Really makes you think about human relations, our culture and feelings towards each other. Very well written.
...sadly,no plot. Gave up halfway through. Perhaps I would have been better off with the abridged version. I have loved so many of Tom Wolfe's classics, but this book wasn't going anywhere -- at least by the middle of Part 2. Yes, the narrator is terrific, yes, Tom Wolfe writes some brilliant description (love the use of sounds), but a book also has to move forward. This one doesn't. Disappointing.
I have only the audio edition of the book, so I can't tell. This audio edition is very well narrated. More like a performance, than a reading.
The police chief. He is flawed, but not rotten to the bones.
Each character is memorable in its own way and place, but I couldn't single out any one of them. They are quintessential for their own types.
I enjoyed the characters' development including their thoughts and distractions while other things were happening. Tom Wolf is a great writer, who continues to deliver a well woven and entertaining story It was an interesting view of Miami, the cultural mix and the Art scene. Very fun.
Educational explanation of Cubano family and social conditions in Miami. Mr. Wolfe provided memorable personalities and situations. Pace was brisk and entire book interesting.
Camacho - he was torn between many different life forces and 'uncertain' consistently on which path to follow.
Voice inflections, pronunciations and 'flow'.
Camacho's father to argue familial structuring.
Baby Boomer in Raleigh NC. Faves include James Lee Burke, CJ Box, Baldacci, Flynn, Child, DeMille, Crais, Connolly, Thor, Coes, L'amour. Average two books/week.
What a Hoot!..... Tom Wolfe does Carl Hiaasen does Confederacy of Dunces. A wonderful romp thru the over-the-top and down-the-rabbit hole world of modern day Miami. All that is missing is Horatio Cain and Tony Montana and "my little friend".
Lou Diamond Phillips does a fine narration making the Cuban accents intelligible.
This is for Miami what Confederacy of Dunces was for New Orleans.
This is mostly a compelling read/listen. The story and subplots are captivating and the characters are well-drawn. As always, Wolfe is a provocative thinker and writer who has a fresh way of looking at old, seemingly settled aspects of American life and culture. So, definitely would recommend.
My only hesitation is a growing impatience with Wolfe's writing style -- the Electric Kool-Aid schtick that was innovative in the '70s, and still refreshing in the '90s, but now is more distracting and annoying than illuminating, like a monotonous drumbeat. Perhaps that comment simply shows my age, but Wolfe's stories with, say, Elmore Leonard's sparse story-telling would be a terrific combination.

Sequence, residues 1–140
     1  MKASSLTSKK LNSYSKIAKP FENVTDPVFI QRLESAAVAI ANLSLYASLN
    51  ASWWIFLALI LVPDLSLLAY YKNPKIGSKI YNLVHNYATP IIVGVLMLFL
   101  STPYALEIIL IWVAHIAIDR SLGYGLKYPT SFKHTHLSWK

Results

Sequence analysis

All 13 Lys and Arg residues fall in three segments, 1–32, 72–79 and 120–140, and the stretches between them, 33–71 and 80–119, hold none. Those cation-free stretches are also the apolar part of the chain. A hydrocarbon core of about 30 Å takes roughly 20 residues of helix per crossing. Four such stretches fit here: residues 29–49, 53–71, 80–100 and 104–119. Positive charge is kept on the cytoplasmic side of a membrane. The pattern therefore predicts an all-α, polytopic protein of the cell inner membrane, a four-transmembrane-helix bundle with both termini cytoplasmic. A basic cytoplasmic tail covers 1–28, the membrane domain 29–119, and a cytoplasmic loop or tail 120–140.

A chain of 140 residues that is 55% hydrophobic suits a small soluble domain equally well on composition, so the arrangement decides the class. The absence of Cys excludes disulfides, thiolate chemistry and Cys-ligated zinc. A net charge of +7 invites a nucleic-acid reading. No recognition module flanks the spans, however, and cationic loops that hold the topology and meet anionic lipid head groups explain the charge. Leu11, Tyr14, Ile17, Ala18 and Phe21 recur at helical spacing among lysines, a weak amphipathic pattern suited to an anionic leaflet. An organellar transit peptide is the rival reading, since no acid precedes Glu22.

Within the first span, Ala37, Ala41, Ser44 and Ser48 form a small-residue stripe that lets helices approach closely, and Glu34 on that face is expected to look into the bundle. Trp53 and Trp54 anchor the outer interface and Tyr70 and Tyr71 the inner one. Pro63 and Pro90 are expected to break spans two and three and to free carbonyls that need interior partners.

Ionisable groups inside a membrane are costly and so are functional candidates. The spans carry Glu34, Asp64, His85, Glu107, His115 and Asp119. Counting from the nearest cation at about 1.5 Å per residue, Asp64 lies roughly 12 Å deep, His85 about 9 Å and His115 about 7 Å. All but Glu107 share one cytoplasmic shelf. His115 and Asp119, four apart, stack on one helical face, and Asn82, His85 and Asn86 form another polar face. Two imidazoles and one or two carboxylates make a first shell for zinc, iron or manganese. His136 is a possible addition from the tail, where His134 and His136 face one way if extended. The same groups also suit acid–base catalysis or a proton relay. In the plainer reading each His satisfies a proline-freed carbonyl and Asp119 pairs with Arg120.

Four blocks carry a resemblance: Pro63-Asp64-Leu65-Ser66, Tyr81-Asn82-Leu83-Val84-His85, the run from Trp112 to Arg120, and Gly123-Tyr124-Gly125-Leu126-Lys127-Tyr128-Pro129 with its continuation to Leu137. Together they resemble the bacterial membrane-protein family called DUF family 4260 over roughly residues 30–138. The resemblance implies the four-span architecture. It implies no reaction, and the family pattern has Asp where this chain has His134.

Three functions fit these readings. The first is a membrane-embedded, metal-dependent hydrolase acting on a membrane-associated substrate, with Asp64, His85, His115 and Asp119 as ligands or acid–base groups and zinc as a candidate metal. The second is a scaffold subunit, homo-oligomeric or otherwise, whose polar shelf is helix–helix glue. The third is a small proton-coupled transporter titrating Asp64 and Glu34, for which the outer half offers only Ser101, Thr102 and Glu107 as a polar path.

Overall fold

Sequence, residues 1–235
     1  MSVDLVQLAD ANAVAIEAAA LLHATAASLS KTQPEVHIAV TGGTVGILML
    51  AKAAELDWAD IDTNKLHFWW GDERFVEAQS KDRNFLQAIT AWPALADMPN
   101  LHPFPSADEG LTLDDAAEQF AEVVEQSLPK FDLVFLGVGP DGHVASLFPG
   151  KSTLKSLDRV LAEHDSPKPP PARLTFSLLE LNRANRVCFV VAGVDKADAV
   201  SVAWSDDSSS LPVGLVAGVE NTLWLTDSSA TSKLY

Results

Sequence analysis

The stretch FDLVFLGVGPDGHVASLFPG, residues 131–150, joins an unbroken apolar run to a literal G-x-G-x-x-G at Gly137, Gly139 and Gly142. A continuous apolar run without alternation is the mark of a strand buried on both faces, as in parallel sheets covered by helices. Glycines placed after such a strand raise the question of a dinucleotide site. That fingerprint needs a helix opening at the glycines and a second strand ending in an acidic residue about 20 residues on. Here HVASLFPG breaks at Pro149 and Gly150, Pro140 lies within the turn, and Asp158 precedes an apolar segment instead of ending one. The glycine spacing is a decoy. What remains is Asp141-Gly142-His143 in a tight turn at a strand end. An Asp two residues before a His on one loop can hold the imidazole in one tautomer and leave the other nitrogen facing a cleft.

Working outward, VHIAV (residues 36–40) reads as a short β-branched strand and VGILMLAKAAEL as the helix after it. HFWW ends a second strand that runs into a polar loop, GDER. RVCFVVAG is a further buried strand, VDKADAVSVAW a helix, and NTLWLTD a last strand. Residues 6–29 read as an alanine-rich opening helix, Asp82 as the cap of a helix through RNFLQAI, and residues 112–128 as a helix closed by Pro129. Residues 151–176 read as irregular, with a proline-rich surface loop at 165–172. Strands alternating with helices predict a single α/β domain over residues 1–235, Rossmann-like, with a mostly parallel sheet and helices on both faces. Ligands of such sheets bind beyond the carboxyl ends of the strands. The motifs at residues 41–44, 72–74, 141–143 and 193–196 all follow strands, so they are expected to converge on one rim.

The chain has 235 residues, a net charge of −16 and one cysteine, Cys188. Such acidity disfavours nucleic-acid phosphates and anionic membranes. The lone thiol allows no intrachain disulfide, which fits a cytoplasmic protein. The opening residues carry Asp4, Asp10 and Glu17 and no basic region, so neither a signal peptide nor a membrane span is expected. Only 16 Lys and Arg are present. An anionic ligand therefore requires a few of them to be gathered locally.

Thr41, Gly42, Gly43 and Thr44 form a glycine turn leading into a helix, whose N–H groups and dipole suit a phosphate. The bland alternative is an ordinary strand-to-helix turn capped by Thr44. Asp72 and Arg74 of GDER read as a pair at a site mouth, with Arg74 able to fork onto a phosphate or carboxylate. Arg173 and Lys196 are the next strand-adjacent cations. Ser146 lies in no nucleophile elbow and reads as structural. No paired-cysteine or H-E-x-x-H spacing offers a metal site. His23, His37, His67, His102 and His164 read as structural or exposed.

I'm a huge fan of Tom Wolfe and have read everything he has written with relish. As expected, the carefully observed culture and characters are central to a web of story that twists and leaps with wit and surprise.
Not expected was the repetition of phrases and descriptions such that I kept wanting to hit the fast forward button to get to the next paragraph. Wolfe is known for his verbosity but I don't recall such repetitiousness in previous efforts. A ruthless editor could have saved a good 10% of my time to the benefit of what otherwise is a fascinating and enjoyable read.
It's hard to beat the opening event--a daring rescue by our protagonist, Officer Nestor Camacho.
Lou Diamond Phillips is remarkable in the expressiveness of his voice. His command of accents ranges from Cuban to Russian to Long Island to redneck. Without his carefully differentiated portrayals of the characters, Back to Blood would not have been nearly as much fun.
I was moved by the inner voice of Magdalena, a Cuban nurse who aspires to raise her status and to socialize with the rich and famous people of Miami, but who deeply feels prejudice and condescension coming from some of the rich folk.
I really cared about the characters, and I enjoyed Tom Wolfe's prose and dialogue, so beautifully performed by Lou Diamond Phillips.
The full panoply of human folly is on display as only Wolfe can do--greed, envy, lust, petty self-interest, tribalism, hubris. Phillips' narration is superb.